Matsue Castle, Matsue City, Shimane Prefecture, Honshu Island, Japan

Matsue Castle, one of only twelve surviving castles from the 1600s in all of Japan, is the second largest and the third tallest and is regarded as an excellent example of watchtower-type castle tower construction; Matsue City, Japan

Matsue Castle, one of only twelve surviving castles from the 1600s in all of Japan, is the second largest and the third tallest and is regarded as an excellent example of watchtower-type castle tower construction; Matsue City, Shimane Prefecture on Honshu Island, Japan

 

Japan’s National Treasure Matsue Castle was completed in 1611 under the rule of the founder of Matsue, Horio Yoshiharu, and his grandson Horio Tadaharu.  Located in Matsue City, Shimane Prefecture on Honshu Island, Japan, it was the stronghold of the Horio clan for one generation, then passed to the Kyogoku Clan for one generation.  Finally, in 1638, Matsudaira Naomasa was given control of the domain, and ten generations of the Matsudaira Clan ruled from that point until the Meiji Restoration [the restoration of practical imperial rule to the Empire of Japan in 1868 under Emperor Meiji].  As the only remaining original castle tower in the San-in region (and one of only twelve surviving castles in all of Japan), it is a precious asset to the local area, and in 1934, it was designated as a national historical landmark.

 

A priest coming down to the shrine adjacent to Matsue Castle, Matsue City, Shimane Prefecture on Honshu Island, Japan

A priest coming down to the shrine adjacent to Matsue Castle, Matsue City, Shimane Prefecture on Honshu Island, Japan

 

A wedding couple was having their professional wedding photographs made in front of Matsue Castle, Matsue City, Shimane Prefecture on Honshu Island, Japan

A wedding couple was having their professional wedding photographs made in front of Matsue Castle, Matsue City, Shimane Prefecture on Honshu Island, Japan

 

The watchtower and shachihoko (ornaments made of wood and plated with copper – here, two fish) at the top of the castle, Matsue Castle, Matsue City, Shimane Prefecture on Honshu Island, Japan

The watchtower and shachihoko (ornaments made of wood and plated with copper – here, two fish) at the top of the castle, Matsue Castle, Matsue City, Shimane Prefecture on Honshu Island, Japan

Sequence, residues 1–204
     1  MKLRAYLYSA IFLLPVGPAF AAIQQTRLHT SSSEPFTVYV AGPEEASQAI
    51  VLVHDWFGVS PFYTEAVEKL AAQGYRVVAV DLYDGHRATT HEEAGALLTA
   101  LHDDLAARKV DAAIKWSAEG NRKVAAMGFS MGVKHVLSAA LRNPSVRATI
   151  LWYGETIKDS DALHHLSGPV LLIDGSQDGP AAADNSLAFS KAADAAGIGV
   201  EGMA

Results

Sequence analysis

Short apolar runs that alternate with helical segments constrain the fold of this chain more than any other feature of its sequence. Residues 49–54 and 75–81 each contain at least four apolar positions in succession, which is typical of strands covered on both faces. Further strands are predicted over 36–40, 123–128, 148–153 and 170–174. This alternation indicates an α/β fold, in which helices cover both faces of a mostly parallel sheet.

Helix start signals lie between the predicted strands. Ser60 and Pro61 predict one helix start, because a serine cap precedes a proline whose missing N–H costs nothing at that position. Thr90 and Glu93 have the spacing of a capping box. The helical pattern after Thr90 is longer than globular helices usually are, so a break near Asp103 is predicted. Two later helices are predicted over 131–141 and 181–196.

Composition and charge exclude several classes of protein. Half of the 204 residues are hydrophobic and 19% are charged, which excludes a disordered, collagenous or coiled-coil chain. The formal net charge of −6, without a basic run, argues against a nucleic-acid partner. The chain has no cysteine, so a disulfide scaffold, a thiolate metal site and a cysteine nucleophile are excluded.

Of the twelve remaining castle towers in Japan, Matsue Castle is the second largest and the third tallest.  Although many castles across the country were dismantled in observance of an official order for their demolition at the beginning of the Meiji era, Matsue Castle escaped destruction due to the efforts of a former retainer of the Matsue Domain and a wealthy local farmer.  It was protected by the citizens thereafter and passed down to the present day.

 

Windows could be opened for both fresh air and for defense of the castle from attacking warriors, Matsue Castle, Matsue City, Shimane Prefecture on Honshu Island, Japan

Windows could be opened for both fresh air and for defense of the castle from attacking warriors, Matsue Castle, Matsue City, Shimane Prefecture on Honshu Island, Japan

 

A samurai in full armor (karuta (カルタ金 karuta-gane – meaning small square or rectangular plates that compose the armor), on display in Matsue Castle, Matsue City, Shimane Prefecture on Honshu Island, Japan

A samurai in full armor (karuta (カルタ金 karuta-gane – meaning small square or rectangular plates that compose the armor), on display in Matsue Castle, Matsue City, Shimane Prefecture on Honshu Island, Japan

 

A view of Matsue City from the fifth floor watch tower (the highest floor) in Matsue Castle, part of a 360-degree view from the tower, Matsue City, Shimane Prefecture on Honshu Island, Japan

A view of Matsue City from the fifth floor watch tower (the highest floor) in Matsue Castle, part of a 360-degree view from the tower, Matsue City, Shimane Prefecture on Honshu Island, Japan

 

Legal Notices: All photographs copyright © 2019 by Richard C. Edwards. All Rights Reserved Worldwide.  Permission to link to this blog post is granted for educational and non-commercial purposes only.

 

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